Garden Design magazine’s new issue celebrates wild landscapes, never-before-seen coastal gardens, rugged terra cotta pots, and standout ferns for shade or sun.
Our favorite story from the issue? Homeowners turned a coastline garden in Kirkland, Washington north of Seattle into a wildlife sanctuary where hawks and hummingbirds keep company with the otters sunning themselves (as otters do) on dock pylons. “Some of the best elements of the garden were inspired by trips to local conservation areas,” writes the magazine’s editor in chief, Thad Orr, who wrote the profile of the garden designed by landscape architect Paul R Broadhurst.
Photography by Claire Takacs courtesy of Garden Design.
Above: Looking out to Lake Washington from the house, the homeowners see garden beds planted with drifts of purple Geranium ‘Rozanne’ punctuated by the white rose campion Lychnis coronaria ‘Album’, writes Orr. Learn more about the planting scheme by subscribing to Garden Design.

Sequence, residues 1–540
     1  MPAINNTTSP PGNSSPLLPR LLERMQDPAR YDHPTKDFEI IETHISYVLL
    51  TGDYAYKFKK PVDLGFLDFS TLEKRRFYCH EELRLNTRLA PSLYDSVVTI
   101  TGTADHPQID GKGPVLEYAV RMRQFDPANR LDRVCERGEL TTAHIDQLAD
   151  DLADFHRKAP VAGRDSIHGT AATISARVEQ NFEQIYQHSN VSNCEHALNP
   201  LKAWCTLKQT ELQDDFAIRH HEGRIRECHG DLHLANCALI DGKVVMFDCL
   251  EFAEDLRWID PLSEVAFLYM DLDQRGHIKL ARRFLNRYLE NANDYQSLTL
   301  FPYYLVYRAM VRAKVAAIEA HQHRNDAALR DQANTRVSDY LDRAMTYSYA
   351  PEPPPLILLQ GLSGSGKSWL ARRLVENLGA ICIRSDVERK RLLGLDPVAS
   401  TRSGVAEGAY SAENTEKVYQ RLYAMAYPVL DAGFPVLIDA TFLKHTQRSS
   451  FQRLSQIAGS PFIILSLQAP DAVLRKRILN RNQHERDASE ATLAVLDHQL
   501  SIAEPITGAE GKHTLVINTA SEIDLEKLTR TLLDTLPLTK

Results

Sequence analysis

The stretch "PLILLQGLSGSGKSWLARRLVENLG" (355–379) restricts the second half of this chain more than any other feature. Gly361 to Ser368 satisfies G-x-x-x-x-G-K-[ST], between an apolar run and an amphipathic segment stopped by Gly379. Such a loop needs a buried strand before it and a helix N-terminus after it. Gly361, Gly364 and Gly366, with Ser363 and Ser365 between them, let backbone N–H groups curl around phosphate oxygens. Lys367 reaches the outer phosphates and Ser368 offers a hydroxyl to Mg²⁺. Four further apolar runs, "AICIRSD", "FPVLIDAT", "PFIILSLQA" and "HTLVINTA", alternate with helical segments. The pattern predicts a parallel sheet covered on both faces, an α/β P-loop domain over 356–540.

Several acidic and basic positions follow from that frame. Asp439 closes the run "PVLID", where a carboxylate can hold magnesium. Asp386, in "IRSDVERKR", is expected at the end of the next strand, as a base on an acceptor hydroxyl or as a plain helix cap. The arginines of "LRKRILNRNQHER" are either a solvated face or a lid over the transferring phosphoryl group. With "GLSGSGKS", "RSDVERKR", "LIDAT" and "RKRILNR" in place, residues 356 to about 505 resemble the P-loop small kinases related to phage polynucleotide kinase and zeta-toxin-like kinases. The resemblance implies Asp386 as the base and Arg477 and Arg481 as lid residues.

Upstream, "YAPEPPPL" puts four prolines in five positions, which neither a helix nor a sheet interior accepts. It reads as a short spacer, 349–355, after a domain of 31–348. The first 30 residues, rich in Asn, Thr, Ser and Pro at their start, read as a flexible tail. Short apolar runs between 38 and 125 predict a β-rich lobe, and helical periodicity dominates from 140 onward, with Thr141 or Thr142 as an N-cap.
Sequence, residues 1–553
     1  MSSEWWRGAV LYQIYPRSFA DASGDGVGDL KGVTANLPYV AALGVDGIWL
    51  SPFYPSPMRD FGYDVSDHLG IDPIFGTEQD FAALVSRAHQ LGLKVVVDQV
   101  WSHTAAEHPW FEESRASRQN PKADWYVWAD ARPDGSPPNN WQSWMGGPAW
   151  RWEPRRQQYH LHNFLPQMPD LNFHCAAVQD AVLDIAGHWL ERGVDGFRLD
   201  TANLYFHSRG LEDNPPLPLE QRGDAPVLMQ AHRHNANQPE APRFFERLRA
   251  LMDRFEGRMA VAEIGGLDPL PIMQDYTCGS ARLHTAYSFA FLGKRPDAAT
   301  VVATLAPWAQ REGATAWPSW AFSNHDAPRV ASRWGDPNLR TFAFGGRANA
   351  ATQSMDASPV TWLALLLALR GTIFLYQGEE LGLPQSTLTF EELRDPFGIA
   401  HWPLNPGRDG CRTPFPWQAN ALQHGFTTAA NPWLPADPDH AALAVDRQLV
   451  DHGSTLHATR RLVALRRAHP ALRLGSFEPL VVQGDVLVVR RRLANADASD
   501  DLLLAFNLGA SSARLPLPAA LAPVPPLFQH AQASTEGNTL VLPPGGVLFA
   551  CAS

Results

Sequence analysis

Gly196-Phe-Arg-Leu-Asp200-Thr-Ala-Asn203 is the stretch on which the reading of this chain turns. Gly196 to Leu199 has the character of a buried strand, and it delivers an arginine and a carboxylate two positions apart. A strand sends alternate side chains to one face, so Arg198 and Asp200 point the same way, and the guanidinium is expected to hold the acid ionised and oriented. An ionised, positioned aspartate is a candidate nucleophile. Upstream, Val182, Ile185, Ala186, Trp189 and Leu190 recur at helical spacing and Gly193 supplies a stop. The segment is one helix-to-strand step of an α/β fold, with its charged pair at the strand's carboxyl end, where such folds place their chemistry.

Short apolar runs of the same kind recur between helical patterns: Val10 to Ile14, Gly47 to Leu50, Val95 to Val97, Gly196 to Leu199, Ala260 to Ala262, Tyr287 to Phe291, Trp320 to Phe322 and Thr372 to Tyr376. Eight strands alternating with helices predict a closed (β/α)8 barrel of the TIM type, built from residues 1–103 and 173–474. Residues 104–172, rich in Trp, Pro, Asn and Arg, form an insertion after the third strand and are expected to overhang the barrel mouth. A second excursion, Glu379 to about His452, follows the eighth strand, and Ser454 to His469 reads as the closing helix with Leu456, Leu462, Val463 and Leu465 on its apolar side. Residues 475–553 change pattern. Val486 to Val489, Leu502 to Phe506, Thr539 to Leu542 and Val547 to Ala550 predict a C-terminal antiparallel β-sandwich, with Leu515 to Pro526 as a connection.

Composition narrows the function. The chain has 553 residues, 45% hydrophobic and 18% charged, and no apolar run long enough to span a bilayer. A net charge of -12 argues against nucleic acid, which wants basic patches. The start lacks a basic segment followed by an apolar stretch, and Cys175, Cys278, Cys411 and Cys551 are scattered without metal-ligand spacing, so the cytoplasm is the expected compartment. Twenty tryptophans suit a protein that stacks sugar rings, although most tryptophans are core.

Above: A sunken patio paved has irregularly shaped flagstone surrounding a pool and retaining walls just the right height to double as extra seating.
Above: The small fern Asplenium trichomanes thrives in a rocky habitat and stays green year-round.
Above: Behind a retaining wall is a palette of purple, yellow, and white flowering perennials, their colors thrown into relief by clumps of perennial grasses, including Stipa gigantea in the background.
For more wild gardens, subscribe here to Garden Design.